Chapter 13 Summary
The topics covered in this chapter can be summarized as follows:
13.1 Stress and Strain
Stress within rocks, which includes compression, extension and shearing, originates from plate tectonic processes and the weight of overlying rocks. Rock that is stressed responds with either elastic or plastic strain, and may eventually break. The way a rock responds to stress depends on its composition and structure, the rate at which strain is applied, and also on the temperature, pressure, and the presence of fluid within the rock.
Folding is generally a ductile response to compression, although some brittle behaviour can happen during folding. A fold with a hinge that points upward is an anticline. A fold with a hinge that points downward is a syncline. The axial surface of a fold can be vertical, inclined, or even horizontal. The landforms produced by folds will depend on the resistance to weathering of rock layers within the fold.
13.3 Fractures, Joints, and Faults
Joints typically form during extension, but can also form during compression. Faulting, which involves the displacement of rock, can take place during compression or extension, as well as during shearing at transform boundaries. Thrust faults are a type of reverse fault with a fault plane tilted at a low angle. Thrust faults are common in mountain belts formed by plate collisions.
13.4 Mountain Building
Mountain building in zones of plate collision is called orogeny. The mountains that form are orogens, and consist of crust thickened and deformed by folding and faulting, as well as the intrusion of igneous rocks. Orogens in ocean-continent collision zones have volcanoes. Mountains formed in rift zones are the result of tilting of normal-faulted blocks, or some normal-faulted blocks subsiding while others remain elevated.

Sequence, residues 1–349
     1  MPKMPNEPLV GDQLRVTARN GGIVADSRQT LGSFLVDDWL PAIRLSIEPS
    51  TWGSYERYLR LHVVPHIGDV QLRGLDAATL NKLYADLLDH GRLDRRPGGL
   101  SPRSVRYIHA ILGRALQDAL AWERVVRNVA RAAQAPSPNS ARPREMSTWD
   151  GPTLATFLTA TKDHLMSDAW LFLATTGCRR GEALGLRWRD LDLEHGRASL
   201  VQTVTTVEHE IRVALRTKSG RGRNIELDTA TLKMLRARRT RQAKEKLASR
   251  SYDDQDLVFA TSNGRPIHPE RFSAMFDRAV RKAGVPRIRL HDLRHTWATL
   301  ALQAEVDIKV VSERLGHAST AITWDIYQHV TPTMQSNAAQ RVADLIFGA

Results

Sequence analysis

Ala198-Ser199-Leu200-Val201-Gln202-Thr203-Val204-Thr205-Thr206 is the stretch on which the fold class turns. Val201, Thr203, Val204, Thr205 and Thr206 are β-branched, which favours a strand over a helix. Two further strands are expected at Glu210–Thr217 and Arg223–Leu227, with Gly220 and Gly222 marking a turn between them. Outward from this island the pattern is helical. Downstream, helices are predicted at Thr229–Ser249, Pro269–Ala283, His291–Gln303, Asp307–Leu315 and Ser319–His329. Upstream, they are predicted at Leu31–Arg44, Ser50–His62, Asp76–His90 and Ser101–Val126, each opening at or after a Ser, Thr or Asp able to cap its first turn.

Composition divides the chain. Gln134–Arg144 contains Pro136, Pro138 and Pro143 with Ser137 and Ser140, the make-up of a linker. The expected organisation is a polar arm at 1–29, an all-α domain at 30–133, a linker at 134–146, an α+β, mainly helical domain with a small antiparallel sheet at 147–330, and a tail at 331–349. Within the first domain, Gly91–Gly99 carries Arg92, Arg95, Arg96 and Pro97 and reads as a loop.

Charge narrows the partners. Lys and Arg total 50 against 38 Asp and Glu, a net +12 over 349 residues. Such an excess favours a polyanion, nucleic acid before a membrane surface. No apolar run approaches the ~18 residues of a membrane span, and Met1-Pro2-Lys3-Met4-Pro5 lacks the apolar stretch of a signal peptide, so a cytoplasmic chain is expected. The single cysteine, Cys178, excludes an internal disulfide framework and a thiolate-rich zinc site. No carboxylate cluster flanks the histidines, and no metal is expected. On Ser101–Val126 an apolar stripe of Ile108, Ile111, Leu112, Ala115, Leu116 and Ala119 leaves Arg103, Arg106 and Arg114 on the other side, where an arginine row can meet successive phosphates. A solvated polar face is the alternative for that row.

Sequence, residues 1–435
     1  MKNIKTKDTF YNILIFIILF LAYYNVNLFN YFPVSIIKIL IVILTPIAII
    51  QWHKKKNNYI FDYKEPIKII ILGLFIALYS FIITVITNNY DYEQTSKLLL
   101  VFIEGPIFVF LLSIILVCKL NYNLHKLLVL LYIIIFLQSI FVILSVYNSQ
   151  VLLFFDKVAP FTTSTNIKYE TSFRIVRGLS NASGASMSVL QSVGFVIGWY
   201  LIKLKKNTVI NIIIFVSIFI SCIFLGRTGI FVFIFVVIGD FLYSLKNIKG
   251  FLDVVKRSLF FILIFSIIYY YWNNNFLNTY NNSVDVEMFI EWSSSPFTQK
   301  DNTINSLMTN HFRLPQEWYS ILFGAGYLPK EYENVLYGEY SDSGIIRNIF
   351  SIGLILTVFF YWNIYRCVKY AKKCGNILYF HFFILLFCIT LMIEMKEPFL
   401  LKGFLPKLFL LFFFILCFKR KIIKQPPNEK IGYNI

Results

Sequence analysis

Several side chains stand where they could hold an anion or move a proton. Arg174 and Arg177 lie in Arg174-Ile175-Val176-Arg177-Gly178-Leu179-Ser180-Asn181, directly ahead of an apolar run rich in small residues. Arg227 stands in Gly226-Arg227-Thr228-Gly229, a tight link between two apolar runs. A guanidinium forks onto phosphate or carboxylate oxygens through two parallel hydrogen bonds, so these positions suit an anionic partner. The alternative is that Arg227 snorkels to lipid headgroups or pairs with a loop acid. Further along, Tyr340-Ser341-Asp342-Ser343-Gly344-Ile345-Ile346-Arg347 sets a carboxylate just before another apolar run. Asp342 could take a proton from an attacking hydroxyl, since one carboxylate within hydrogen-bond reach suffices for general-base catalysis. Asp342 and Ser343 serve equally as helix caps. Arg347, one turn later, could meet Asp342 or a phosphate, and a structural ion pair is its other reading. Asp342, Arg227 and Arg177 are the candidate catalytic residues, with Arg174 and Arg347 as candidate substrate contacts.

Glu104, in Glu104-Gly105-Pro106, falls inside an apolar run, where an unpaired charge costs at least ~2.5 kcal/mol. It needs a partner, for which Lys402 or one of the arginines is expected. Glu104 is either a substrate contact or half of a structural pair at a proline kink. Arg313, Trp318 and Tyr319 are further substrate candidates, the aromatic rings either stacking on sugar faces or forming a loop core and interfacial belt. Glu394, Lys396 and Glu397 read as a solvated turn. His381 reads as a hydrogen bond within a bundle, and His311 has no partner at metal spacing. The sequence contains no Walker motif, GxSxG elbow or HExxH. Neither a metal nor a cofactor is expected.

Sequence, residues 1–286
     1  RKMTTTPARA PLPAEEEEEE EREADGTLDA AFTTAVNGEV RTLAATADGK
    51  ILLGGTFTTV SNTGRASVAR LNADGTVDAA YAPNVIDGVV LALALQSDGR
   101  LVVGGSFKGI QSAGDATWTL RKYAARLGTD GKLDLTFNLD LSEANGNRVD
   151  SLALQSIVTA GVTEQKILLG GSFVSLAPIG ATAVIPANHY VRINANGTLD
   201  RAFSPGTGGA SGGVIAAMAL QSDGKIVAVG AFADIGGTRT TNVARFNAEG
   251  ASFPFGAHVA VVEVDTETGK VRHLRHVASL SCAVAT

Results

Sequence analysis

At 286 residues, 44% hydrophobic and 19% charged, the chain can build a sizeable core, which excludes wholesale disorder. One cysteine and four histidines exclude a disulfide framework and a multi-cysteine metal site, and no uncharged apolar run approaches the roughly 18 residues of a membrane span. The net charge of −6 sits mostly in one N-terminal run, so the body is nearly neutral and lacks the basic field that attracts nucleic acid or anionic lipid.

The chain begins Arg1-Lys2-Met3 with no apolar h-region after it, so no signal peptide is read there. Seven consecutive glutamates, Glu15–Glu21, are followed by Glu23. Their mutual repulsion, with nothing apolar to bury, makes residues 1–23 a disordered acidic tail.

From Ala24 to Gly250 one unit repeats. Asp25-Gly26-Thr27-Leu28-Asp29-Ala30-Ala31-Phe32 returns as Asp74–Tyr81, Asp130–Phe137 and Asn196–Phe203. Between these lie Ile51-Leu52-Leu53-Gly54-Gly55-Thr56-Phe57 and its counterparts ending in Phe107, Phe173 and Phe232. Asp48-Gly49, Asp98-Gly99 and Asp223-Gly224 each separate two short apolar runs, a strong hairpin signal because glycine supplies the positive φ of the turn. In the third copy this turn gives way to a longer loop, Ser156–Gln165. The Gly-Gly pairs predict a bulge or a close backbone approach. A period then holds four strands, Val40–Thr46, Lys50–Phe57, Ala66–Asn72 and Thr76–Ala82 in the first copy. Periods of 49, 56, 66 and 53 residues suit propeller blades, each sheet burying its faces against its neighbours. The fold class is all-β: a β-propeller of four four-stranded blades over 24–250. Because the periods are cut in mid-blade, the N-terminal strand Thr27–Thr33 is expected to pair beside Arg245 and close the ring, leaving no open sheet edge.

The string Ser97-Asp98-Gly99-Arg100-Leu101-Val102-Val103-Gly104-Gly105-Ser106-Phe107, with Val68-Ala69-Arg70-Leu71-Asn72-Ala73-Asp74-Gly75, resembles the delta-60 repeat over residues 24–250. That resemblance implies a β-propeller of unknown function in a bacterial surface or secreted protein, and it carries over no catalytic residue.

13.5 Measuring Geological Structures
The strike and dip of planar surfaces, such as a bedding planes, fractures or faults are measured to help understand the geological history of a region. Special symbols are used to show the orientation of structural features on geological maps.
1. What types of plate boundaries are most likely to contribute to (a) compression, (b) extension, and (c) shearing?
2. Explain the difference between elastic strain and plastic strain.
3. List some of the factors that influence whether a rock will undergo ductile deformation or break when placed under stress.
4. Draw in the axial traces of the folds in Figure 13.39, and label each with the appropriate type (e.g., overturned syncline).
5. Explain why fractures are common in volcanic rocks.
6. What is the difference between a normal fault and a reverse fault, and under what circumstances would you expect these to form?
7. What type of fault would you expect to see at a transform plate boundary?
8. Figure 13.40 is a map of the geology of a region. The coloured areas represent sedimentary beds.
(i) Describe in words the general attitude (strike and dip) of these beds.
(ii) What is “a” and what is its attitude?
(iii) What is “b” and what is its attitude?
(iv) Is “b” left handed or right handed?